Ontario political parties promise help on opioid crisis as election looms

The Office of the Chief Coroner shared data Thursday that showed 2,819 opioid deaths in 2021

By Liam Casey in Paris, Ontario, Canada

Paolo Dinola doesn’t really care who wins the provincial election so long as the next government tries to save others from the fate of his son, who became another statistic last year in Ontario’s surging opioid crisis.

Aaron Dinola died on Nov. 6, 2021, after a fentanyl overdose. He was 32 years old and a father of three. 

“He was my beautiful boy, he always had a good heart, but got addicted to painkillers after a car accident,” Paolo Dinola said in an interview. “Three years later he’s dead from fentanyl – the system failed him.”

Opioid deaths and hospitalizations surged significantly across the province after the pandemic hit in early 2020.

The Office of the Chief Coroner shared data on Thursday that showed 2,819 people died from opioid toxicity in 2021. That’s up from 2,460 opioid deaths the year before – a figure that itself was up 58 per cent from fatalities recorded in 2019.

Both the NDP and the Liberals pledged to help tackle the opioid problem on Thursday while Progressive Conservative Leader Doug Ford said a few days earlier that he’d help anyone with an addiction problem.

Dinola was at a cafe in Paris, Ont., where NDP Leader Andrea Horwath made a campaign stop and pledged to reform the mental health system.

If elected in June, the New Democrats would expand access to safe injection and consumption sites, increase detox beds and call on the federal government to decriminalize illicit drugs, Horwath said.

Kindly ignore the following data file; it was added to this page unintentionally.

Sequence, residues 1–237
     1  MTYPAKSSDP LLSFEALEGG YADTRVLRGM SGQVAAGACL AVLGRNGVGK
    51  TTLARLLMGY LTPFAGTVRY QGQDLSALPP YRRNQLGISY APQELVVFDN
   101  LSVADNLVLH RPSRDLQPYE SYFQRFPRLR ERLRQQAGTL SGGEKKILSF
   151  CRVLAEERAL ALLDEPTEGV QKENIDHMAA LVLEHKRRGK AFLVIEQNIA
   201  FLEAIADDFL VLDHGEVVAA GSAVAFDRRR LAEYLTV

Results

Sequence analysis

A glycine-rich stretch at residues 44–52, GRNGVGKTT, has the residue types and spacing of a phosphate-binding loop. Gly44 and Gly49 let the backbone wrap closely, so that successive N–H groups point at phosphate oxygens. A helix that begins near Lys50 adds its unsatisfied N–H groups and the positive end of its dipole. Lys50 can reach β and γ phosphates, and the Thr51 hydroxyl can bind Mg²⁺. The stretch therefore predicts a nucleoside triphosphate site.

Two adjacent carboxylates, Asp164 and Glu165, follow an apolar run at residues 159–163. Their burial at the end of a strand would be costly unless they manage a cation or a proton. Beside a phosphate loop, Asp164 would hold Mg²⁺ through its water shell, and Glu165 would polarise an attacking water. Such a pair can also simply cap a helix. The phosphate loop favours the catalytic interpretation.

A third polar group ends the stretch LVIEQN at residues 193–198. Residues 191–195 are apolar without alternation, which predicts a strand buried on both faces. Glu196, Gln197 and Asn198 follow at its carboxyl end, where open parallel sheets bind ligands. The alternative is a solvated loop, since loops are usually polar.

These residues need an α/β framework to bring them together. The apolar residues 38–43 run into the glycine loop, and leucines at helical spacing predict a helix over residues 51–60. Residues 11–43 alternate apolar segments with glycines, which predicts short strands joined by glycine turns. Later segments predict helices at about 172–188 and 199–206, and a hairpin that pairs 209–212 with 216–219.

“People are in a desperate space and folks who are experiencing addictions need to have some support to try to help them find a way out of that space,” Horwath said.

“We are not going to do it by taking away services or by capping services. We’re going to do it by making sure the services are there for people when they need them.”

Liberal Leader Steven Del Duca said his party would restart the opioid task force, pour several hundred million dollars to expand access to naloxone – the opioid overdose reversal medication – and build out more housing with mental health supports.

“It is deeply disturbing to see what’s happening,” he said of the opioid crisis. “We’ve heard from mayors, for example, right across this province about how challenging it is in each of their communities because they don’t have the funding in place.”

The Liberals also promise to lift the cap on new consumption and treatment sites. 

In 2019, the Progressive Conservative government changed the addiction treatment model from safe injection sites to consumption and treatment services, which were billed as having more wraparound services. Fifteen sites were approved at that time, and a few existing overdose-prevention sites were forced to shut down.

The Tories capped the number of allowed sites at 21, but earlier this year approved the province’s 17th site, the first new one since 2019.

The Progressive Conservatives said in the unpassed budget that’s serving as their election platform that they would provide naloxone kits and training in high-risk workplaces to help reduce opioid overdoses.

The province spent $31 million on the centres, a PC spokeswoman said, plus $90 million they will spend to increase the number of addiction treatment beds.